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Saturday, 9 January 2021

Re-reading Teenage Reading: James Bond

Ian Fleming: From Russia with Love (3*)

Continuing with novels I read in the nineteen-sixties, what would I make of James Bond now? Those books had all the glamour, excitement and adventure missing from the written version of The Saint. The library would not let you have them unless you looked old enough. One school friend was getting away with it a year before me, even though he was younger. Probably because his dad was Italian.

From Russia With Love parades all the comforts of discerning wealth. Why else would you want to read a whole chapter about Bond getting up and having his breakfast? He puts on his dark blue Sea Island cotton shirt, navy blue tropical worsted trousers and black leather sandals and enters his long, big-windowed sitting room for breakfast. The housekeeper brings him a Queen Anne pot of strong coffee from De Bry of New Oxford Street brewed in an American Chemex, a very fresh, speckled brown egg from French Marans hens, yellow Jersey butter and three glass jars containing Tiptree ‘Little Scarlet’ strawberry jam; Cooper’s Vintage Oxford marmalade and Norwegian Heather Honey from Fortnum’s, to eat with whole-wheat toast on his dark blue and gold Minton china.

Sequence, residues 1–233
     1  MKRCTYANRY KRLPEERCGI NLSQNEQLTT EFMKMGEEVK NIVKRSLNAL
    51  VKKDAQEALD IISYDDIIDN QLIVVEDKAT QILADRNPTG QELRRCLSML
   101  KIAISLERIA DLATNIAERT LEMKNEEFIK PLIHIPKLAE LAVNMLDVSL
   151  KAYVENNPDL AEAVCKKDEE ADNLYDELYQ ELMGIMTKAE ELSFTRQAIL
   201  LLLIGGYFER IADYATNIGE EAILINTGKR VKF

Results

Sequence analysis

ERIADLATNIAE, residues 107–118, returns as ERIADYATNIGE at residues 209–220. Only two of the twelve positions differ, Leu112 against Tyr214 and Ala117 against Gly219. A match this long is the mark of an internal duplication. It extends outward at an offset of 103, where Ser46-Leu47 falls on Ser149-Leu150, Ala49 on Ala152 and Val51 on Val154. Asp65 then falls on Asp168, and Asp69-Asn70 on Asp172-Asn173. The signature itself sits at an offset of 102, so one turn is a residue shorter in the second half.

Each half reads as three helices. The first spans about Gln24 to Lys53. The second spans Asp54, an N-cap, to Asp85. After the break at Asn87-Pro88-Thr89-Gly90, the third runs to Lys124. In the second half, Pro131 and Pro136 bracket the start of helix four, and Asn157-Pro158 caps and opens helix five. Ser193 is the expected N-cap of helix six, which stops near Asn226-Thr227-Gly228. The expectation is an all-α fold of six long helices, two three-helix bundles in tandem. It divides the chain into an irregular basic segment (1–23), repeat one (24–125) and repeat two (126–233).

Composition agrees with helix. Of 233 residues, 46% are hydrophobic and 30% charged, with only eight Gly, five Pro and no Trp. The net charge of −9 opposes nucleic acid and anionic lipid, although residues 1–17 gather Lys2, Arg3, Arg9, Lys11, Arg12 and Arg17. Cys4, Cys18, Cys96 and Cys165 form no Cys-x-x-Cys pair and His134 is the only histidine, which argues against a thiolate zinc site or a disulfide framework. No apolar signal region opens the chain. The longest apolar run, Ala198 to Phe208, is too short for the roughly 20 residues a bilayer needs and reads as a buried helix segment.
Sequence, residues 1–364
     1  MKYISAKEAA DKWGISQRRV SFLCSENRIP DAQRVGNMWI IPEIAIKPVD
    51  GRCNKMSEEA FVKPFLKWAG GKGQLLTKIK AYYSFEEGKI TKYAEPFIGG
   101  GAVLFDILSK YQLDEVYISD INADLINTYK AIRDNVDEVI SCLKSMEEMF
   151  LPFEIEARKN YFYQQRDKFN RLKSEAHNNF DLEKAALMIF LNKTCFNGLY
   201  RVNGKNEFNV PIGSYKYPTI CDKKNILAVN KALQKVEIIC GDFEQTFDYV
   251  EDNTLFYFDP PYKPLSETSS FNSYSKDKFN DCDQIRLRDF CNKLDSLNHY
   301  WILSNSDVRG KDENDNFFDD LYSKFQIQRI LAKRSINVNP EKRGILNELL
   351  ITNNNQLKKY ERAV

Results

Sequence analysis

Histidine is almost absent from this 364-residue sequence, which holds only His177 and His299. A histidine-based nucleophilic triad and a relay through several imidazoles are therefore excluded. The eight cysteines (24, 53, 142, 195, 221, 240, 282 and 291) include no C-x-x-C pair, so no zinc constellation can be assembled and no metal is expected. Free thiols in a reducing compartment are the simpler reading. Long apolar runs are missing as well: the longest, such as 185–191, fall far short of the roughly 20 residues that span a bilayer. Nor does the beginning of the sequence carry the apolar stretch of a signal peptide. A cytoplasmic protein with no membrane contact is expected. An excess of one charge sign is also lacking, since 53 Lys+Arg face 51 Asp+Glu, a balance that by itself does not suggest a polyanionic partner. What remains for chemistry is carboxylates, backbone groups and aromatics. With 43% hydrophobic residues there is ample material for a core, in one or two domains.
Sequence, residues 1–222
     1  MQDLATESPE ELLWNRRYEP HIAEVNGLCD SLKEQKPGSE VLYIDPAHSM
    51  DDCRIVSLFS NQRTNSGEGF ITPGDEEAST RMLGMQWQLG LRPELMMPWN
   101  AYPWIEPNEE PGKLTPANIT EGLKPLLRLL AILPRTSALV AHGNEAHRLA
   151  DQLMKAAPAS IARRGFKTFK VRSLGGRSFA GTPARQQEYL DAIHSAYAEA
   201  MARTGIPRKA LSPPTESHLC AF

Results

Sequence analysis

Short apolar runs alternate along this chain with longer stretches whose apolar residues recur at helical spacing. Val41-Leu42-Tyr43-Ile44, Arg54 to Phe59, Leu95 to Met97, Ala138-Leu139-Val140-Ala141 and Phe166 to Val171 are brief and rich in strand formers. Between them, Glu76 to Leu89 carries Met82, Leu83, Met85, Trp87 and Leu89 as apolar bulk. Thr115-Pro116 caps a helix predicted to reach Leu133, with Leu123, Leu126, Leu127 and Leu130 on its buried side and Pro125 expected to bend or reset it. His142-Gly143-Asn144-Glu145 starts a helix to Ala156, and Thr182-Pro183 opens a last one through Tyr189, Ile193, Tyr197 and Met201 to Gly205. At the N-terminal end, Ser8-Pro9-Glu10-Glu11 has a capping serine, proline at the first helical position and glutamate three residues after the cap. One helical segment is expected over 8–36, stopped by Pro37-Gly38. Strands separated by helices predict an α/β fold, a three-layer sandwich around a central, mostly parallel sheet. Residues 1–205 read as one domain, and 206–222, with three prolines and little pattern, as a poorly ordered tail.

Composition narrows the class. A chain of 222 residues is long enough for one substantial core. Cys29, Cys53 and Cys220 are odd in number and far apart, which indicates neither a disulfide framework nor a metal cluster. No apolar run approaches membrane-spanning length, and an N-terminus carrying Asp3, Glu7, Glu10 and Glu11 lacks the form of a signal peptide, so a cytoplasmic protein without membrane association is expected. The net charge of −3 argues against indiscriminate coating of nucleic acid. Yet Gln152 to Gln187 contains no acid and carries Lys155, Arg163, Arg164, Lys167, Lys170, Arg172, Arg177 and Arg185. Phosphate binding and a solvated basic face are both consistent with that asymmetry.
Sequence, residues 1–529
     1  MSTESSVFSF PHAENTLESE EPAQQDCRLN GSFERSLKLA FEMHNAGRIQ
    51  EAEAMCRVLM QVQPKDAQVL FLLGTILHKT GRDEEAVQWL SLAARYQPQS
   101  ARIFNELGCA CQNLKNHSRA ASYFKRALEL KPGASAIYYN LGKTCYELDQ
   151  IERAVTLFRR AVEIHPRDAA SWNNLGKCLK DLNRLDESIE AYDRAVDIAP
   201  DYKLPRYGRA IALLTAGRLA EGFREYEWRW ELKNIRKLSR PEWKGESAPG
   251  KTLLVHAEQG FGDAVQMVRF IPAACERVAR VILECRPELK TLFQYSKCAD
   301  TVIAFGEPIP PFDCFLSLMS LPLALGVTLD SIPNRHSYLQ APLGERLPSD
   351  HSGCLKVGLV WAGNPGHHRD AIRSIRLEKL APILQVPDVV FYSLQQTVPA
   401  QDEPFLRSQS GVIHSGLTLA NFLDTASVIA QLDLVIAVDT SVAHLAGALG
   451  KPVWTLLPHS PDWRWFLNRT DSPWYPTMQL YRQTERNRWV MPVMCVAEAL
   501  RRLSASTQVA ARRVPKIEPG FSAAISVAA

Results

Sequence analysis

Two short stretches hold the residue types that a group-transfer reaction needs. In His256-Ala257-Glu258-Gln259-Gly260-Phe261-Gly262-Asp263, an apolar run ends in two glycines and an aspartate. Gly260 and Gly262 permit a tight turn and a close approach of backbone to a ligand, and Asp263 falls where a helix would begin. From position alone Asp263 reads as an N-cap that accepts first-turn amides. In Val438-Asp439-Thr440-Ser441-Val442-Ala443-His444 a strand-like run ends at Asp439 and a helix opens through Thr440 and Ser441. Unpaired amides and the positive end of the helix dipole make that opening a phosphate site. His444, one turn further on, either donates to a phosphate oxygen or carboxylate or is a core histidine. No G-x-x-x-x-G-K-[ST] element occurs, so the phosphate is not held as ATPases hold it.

Meanwhile, Bond’s assassin-to-be is receiving a naked massage from a naked female masseuse beside a swimming pool in a villa on the Russian Riviera. He has a money clip made of a Mexican fifty-dollar piece holding a substantial wad of banknotes, a gold Dunhill cigarette lighter, a gold Faberg√© cigarette case and a gold Girard-Perregaux wrist watch.